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Exploring Mystery Cave, Minnesota with Warren Netherton

As told by Warren Netherton
Preston, Minnesota

Story Narrative:

This story was collected as part of a collaborative effort to record the state of American lakes, rivers, and waterways as well an attempt to uncover what water means to Americans. Listen to other stories recorded by the Minnesota Humanities Center for the Stories from Main Street project, an initiative created by the Smithsonian Institution Traveling Exhibition Service for its traveling exhibition "Water/Ways."

"Do you guys have jackets, right? We need to spray the bottom of your shoes. That is to kill the spores of fungus that causes the white-nose syndrome in the bats. My name is Warren Netherton and I am the Cave Specialist at Forestville/Mystery Cave State Park. Mystery Cave was discovered in 1937. OK, let me pull this 1,500 pounds of steel back. This flood door is in place here because of this huge flood in 1942. I like a lot of things about caves. I like the three dimensionality of them, the drama that exists there, the astounding things I have seen in my life, a good portion of those were tied to events that occurred underground. Let me turn some lights on here so we can see what’s going on. We are going to need our eyes to adjust a little bit.

Let’s stroll down here. Use this handrail and don’t touch the caves surfaces. This is an example of a room that has really changed over time, the floor has changed. Now, this work was done in 1937 and people were thinking we want people in here as fast as possible for tourism. At the time I arrived here--in 1988--the way the floor looked was--this big gapping whole in front of us—was all filled in materials and we dug that out to restore the cave passageway. We believe this is the original floor of the cave or really, really close to it and one of the indications of that, is--if I shine my light over here--this black deposit right here. That’s basically top soil that was washed in here upstream from the 1942 flood. So that reflects the farming practices that were going on then. That was before conservation practices that exist now. The erosion was unreal that occurred.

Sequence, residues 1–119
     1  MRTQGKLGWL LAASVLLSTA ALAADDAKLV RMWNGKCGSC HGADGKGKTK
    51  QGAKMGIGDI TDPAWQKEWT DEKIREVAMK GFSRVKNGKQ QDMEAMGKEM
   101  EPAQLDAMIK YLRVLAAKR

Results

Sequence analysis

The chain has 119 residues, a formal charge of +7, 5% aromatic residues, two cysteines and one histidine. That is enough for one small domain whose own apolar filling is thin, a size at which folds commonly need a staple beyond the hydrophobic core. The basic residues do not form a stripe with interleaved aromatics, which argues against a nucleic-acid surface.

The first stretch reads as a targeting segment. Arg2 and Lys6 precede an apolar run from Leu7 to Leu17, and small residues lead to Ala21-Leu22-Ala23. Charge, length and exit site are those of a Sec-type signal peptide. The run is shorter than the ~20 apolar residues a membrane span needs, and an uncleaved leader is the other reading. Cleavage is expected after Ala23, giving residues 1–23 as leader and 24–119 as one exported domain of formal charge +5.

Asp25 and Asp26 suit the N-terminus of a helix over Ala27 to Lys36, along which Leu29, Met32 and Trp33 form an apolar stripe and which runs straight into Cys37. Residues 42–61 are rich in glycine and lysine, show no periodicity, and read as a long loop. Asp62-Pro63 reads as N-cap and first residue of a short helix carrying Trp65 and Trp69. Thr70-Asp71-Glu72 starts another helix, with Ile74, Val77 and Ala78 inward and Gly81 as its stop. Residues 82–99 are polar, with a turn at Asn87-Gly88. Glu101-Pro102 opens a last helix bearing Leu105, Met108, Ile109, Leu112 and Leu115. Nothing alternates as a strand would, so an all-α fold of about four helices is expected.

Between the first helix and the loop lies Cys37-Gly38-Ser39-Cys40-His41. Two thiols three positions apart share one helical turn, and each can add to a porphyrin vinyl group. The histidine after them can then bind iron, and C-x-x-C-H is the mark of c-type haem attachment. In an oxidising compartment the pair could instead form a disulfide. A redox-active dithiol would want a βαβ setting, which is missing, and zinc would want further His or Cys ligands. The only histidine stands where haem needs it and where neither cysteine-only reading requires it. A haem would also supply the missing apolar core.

This is farm ground that is lost forever, most of it is probably in the Gulf of Mexico by now and some got ruined here in Mystery Cave. One of the frustrating things for an interpreter working at this park and working in the cave is that water is a huge deal here. Like everything here is a result of water. To the deposits that were here to the walls being dissolved away and this little crack turning into a bonafide cave. But getting people to the location where the water is flowing though is really hard. I mean, you would not be happy with me if I took you down to that spot. We couldn’t even fit into it actually.

OK, come up here to Turquoise Lake which is one of about 10 different bodies of waters in the cave that would be referred to as a lake. It’s the most remembered feature of any of Mystery Cave for our visitors. Back in the late ‘30s and early ‘40s, there was a post out here with a nail in it and it held an enamel cup and people went on the tour would take a drink of the Turquoise Lake water on their tour – nice, cool, refreshing and then they can be on their way.

This would not be a good time to drink that water from research work that was done here, oh, back in the early ‘90s bacteria levels increased in the winter and they diminish and are gone in the summer. So actually, the summer months are a good time to drink the water. I wouldn’t want to drink it without testing it but I wonder about all of those people using the same cup – that’s what I mainly worry about."

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